SPYG was very dramatic – look at the Friday candle. Sometimes called a ‘spring’ or a ‘dragonfly doji’ it is a candlestick with a very long downward shadow and a very small body. What is fascinating is that the tip of the shadow is exactly on the support / resistance line, showing that the market rejected that level and bounced up again.

Heather Cullen Blog IN The Money Do Spreads Matter

It is incredible how accurate this can be sometimes. And in the weekly chart we see a blip but the uptrend is still intact.

Heather Cullen Blog IN The Money Do Spreads Matter

QQQ Charts

Like SPY and SPYG, on Friday QQQ was well down for most of the day, before making a dramatic comeback in the last hour. Here’s the one-minute chart:

All the action – the price movement and the volume – was in the last half hour or so. FOMO, anyone? On the daily chart we see the same candle as SPYG, but not quite so accurate in its bounce off resistance.

Heather Cullen Blog IN The Money Do Spreads Matter

On the weekly chart we can see that the up trend is still intact:

Heather Cullen Blog IN The Money Do Spreads Matter

VIX Chart

The VIX chart barely moved, and is still very low.

Heather Cullen Blog IN The Money Do Spreads Matter

Where do the charts come from?

The one minute charts are new, and come from this website. They are free, and everyone has access. Here’s the link: https://heathercullen.com/stock-charts/

ITMeter

Heather Cullen Blog ITMeter

The week ahead . .

On Friday we have the non-farm payroll numbers, and it is expected to show that the labour economy is continuing strong. The ECB (European Central Bank) is expected to cut rates on Friday, the first central bank to do so. Other than that, these should be nothing major to cause volatility. Famous last words! I really shouldn’t say things like that.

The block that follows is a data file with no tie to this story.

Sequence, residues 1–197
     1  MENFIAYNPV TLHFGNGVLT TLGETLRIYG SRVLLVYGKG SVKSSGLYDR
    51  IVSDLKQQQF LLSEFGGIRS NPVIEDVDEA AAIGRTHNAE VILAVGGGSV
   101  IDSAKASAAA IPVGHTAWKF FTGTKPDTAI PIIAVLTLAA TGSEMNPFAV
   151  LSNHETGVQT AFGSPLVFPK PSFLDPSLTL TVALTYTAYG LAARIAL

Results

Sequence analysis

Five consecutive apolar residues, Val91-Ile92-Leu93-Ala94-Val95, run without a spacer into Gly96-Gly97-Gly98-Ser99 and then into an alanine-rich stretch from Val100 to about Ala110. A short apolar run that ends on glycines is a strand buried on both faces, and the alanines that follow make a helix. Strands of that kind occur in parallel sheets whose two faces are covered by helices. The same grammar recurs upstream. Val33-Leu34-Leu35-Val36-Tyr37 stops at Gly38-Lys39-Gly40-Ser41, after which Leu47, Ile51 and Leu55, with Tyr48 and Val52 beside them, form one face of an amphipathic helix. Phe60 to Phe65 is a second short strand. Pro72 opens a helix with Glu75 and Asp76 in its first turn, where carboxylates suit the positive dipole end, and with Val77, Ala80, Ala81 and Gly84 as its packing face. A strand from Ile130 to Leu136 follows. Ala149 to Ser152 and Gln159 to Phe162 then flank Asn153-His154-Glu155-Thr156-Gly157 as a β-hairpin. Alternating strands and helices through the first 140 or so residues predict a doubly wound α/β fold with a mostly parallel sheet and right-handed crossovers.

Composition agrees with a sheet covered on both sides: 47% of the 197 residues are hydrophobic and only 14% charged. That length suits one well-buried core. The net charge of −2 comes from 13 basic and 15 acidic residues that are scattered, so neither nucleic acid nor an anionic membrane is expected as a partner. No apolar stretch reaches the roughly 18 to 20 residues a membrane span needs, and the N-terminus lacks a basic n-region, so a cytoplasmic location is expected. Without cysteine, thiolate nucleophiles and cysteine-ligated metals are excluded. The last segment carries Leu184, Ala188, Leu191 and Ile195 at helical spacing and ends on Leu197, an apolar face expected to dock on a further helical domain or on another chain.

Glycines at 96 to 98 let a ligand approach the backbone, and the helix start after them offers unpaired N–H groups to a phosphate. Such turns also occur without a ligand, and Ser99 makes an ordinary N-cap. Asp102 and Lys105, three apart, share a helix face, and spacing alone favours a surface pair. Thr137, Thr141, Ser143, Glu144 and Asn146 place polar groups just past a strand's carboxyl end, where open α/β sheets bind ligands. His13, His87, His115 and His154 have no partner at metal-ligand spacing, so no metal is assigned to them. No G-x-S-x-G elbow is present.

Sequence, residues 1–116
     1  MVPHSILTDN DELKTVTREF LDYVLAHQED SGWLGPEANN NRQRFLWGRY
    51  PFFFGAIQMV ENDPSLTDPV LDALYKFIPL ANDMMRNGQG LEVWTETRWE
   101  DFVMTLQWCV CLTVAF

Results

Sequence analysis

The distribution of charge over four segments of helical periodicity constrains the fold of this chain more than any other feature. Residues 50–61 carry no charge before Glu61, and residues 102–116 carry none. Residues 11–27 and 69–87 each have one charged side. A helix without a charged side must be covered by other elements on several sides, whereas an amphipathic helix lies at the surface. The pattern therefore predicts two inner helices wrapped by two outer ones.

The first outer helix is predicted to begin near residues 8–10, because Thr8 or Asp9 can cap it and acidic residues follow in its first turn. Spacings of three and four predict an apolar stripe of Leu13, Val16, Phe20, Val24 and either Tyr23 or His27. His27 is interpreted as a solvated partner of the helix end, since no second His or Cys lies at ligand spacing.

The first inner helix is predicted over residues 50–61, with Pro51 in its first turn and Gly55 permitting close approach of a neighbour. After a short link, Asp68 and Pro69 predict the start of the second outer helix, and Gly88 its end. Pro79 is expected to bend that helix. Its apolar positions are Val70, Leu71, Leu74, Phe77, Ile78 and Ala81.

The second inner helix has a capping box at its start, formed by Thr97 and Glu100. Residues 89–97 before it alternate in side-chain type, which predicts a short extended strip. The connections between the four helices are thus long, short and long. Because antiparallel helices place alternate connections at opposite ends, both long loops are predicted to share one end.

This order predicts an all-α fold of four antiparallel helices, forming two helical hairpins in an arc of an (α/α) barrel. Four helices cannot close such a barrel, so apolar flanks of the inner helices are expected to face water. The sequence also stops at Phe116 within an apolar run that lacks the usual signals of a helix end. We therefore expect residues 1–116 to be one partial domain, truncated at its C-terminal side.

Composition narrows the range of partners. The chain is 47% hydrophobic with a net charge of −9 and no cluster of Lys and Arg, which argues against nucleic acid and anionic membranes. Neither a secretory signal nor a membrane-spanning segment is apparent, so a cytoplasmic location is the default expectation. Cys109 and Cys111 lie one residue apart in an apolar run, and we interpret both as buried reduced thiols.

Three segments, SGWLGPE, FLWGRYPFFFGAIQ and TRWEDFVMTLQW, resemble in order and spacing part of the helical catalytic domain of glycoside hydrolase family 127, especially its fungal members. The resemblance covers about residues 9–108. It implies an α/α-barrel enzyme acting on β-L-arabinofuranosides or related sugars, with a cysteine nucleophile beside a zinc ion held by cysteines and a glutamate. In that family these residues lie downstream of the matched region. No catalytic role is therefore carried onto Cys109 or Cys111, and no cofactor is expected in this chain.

Futures

It’s 24 hours until market open, so the futures are not open yet, but here is where they closed:

Summertime . .

This blog is going up early as tomorrow I will be on a boat, in the sun, sailing round Folegandros in the Greek islands. The weather is gorgeous, sunny, clear, high twenties, very little breeze, the water is warm enough for swimming. Lovely. What’s not to like?

Heather Cullen Blog IN The Money Do Spreads Matter

Fingers crossed for a good week on the markets.

Heather

Questions & Answers

22 thoughts on “Do Spreads Matter?”

  1. Hi Heather, Your books are good. I just want to report some typos in your book ITMB. I suppose you can do full text search: 1. please search for “$448”, it’s in chapter 6. I believe it should be “$398”, because 450 – 52 = 398 2. please search for “$2.542”, it’s in chapter 6, I believe it should be “$2.52”. No way you get 3 digits as decimals 3. please search for “$461.90”, it’s in chapter 6. I believe it should be “$514.81”. Otherwise the math work is simply wrong. 4. please search for “$521.50”, it’s in chapter 6. I believe it should be “$510.50”, because 550 – 39.50 = 510.50

    1. OOOPS – you are probalby right, and I will check when I get baack to Australia. I am having enormous trouble just trying to keep trading and update the blog using the int4ernet on the Greek islans – it is pretty flaky, and keeps dropping out, so the last think i want to do is to update the books while using it.
      But I will check as soon as I have a decent connection. Going to Italy in July, it may be better then.
      h